A couple of days ago, I criticized the New York Times for its story on gluten. Yesterday (May 10, 2007), National Public Radio aired a very similar story called For Most People, Gluten Isn’t a Diet Enemy. In this piece, as in the NYT article, there is speculation that there is a “celiac fad diet” and that people are jumping on the gluten-free bandwagon. So I am pondering the question: is gluten-free a fad diet?
If so, then it should be compared to other fad diets, such as The Zone, the Atkins diet and the South Beach Diet. I see 2 main differences between these low-carb diets and the gluten-free diet:
- These low-carb diets all promise weight loss, which is the primary reason for their popularity. By contrast, doctors do not recommend the gluten-free diet for weight loss (although this may be a side benefit); in fact, many people with celiac disease gain weight after going gluten-free.
- These low-carb diets were each created by one person, who then promoted it with books, frozen food, or supplements. I am not saying that the original intent of the creators was not for the good of their patients, but each diet came out of one person’s head. The gluten-free diet is recognized internationally as a medical treatment for the autoimmune disease, celiac disease. There is ongoing research into gluten sensitivity or intolerance as a separate medical condition treatable with a gluten-free diet. Oh, and by way, it is a genetic condition. I’m not sure if they have identified a Zone gene yet.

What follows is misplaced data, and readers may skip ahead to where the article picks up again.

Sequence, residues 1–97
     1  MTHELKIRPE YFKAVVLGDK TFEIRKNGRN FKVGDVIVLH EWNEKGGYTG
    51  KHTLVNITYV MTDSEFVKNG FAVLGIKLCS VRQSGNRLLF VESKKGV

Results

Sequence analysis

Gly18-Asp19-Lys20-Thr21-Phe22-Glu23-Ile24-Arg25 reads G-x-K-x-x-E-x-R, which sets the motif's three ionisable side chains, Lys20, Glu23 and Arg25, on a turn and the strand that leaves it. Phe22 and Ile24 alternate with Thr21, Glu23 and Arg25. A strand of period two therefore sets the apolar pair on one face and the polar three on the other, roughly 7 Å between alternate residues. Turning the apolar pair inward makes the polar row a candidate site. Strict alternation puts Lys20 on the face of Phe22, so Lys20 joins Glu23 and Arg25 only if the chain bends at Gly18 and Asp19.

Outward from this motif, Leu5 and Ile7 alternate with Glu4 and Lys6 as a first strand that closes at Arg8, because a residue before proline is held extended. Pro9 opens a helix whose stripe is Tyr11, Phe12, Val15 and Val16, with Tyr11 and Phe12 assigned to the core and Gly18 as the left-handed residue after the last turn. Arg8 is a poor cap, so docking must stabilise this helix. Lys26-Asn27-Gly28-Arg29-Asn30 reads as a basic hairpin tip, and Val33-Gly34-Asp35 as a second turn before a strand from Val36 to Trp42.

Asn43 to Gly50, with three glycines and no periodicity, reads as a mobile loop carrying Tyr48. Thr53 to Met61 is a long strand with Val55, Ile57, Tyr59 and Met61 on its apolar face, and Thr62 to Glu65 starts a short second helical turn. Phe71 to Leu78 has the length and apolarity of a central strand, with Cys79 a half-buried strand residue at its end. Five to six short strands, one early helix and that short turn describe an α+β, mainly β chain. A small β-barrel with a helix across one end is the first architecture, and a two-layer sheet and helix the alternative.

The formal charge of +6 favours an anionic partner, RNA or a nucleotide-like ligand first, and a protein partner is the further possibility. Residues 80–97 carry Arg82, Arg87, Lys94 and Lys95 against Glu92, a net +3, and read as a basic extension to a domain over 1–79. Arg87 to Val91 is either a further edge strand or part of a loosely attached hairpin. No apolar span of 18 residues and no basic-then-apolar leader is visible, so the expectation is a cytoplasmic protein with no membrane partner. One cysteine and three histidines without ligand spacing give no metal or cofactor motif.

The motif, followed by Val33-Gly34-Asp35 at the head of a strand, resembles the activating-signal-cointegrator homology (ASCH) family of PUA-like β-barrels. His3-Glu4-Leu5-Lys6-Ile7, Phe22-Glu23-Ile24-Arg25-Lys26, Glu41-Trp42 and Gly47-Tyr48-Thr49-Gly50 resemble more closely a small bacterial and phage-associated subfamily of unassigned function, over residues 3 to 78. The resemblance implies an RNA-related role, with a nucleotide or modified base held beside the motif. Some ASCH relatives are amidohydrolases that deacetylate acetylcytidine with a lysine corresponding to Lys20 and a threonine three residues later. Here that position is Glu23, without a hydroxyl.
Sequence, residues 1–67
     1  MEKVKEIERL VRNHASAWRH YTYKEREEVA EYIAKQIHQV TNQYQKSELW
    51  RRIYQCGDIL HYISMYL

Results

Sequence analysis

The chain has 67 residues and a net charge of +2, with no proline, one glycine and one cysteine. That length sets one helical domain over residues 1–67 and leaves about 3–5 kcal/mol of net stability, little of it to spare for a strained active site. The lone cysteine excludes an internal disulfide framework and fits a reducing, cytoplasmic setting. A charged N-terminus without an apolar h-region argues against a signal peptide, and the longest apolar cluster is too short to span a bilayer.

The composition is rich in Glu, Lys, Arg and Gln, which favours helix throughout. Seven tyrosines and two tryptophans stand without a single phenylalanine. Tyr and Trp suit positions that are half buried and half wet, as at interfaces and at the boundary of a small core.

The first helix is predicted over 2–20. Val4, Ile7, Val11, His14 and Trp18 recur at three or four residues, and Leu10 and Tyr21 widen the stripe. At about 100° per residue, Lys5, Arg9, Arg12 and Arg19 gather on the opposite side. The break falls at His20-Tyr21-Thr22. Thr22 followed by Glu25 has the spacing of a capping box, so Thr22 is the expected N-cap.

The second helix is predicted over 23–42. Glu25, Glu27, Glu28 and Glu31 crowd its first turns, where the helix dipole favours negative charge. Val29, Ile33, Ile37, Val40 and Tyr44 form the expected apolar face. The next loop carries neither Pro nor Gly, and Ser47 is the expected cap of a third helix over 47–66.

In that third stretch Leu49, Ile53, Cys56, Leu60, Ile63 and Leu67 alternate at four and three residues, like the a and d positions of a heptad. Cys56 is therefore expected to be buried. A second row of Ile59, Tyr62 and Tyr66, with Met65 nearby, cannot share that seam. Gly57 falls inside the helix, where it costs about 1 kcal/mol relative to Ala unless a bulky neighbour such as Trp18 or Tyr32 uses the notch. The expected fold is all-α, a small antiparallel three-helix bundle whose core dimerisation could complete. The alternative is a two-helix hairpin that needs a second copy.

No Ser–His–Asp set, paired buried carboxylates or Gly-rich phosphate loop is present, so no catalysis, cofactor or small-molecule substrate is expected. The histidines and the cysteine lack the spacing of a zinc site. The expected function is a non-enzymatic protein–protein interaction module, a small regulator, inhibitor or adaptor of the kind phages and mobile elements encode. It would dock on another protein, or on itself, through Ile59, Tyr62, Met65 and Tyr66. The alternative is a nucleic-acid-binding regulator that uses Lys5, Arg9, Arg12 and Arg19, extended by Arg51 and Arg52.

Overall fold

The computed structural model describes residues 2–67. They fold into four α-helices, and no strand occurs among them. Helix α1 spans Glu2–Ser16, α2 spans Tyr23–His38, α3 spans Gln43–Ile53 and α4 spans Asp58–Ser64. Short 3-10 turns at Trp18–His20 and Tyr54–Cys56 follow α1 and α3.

“Gluten-free” is not some crazy American diet named after a doctor or a beach. The reason the media thinks it is a fad is because we Americans are just catching up with understanding what other parts of the world (Australia, for example) already know – that gluten-free is a way of life for certain people.
Both news articles imply that the growth of gluten-free products on the shelves is evidence that the gluten-free diet is a fad. I think it means that awareness is increasing, more people are getting diagnosed and that food manufacturers are recognizing that there is a true market of people who cannot eat gluten.
Are people jumping on the gluten-free bandwagon? I don’t think so. I have found that the general perception about the gluten-free diet is that is a curse and a sentence. Almost everyone says to me something like “Oh, that must be so hard. I could never give up bread.” I believe that people go gluten-free only when they are at the end of their ropes – they can’t get a diagnosis, they feel awful, they have tried medications and other diets with no alleviation of their suffering. Most people don’t do it on a whim, and because there is no cheating allowed, it is a commitment that people are unwilling to make.
Not only is the diet difficult at first, but there is a perception that “gluten-free” means “tastes yucky.” Most people’s attitudes about regular old gluten-containing food is like Joe Hotchkiss’s from the NPR story — “he loves the taste, and he can’t imagine why anyone would choose to eliminate wheat, and therefore gluten, from their diet.”
Fortunately for us with a gluten-free life sentence, food manufacturers are realizing we exist and are here to stay.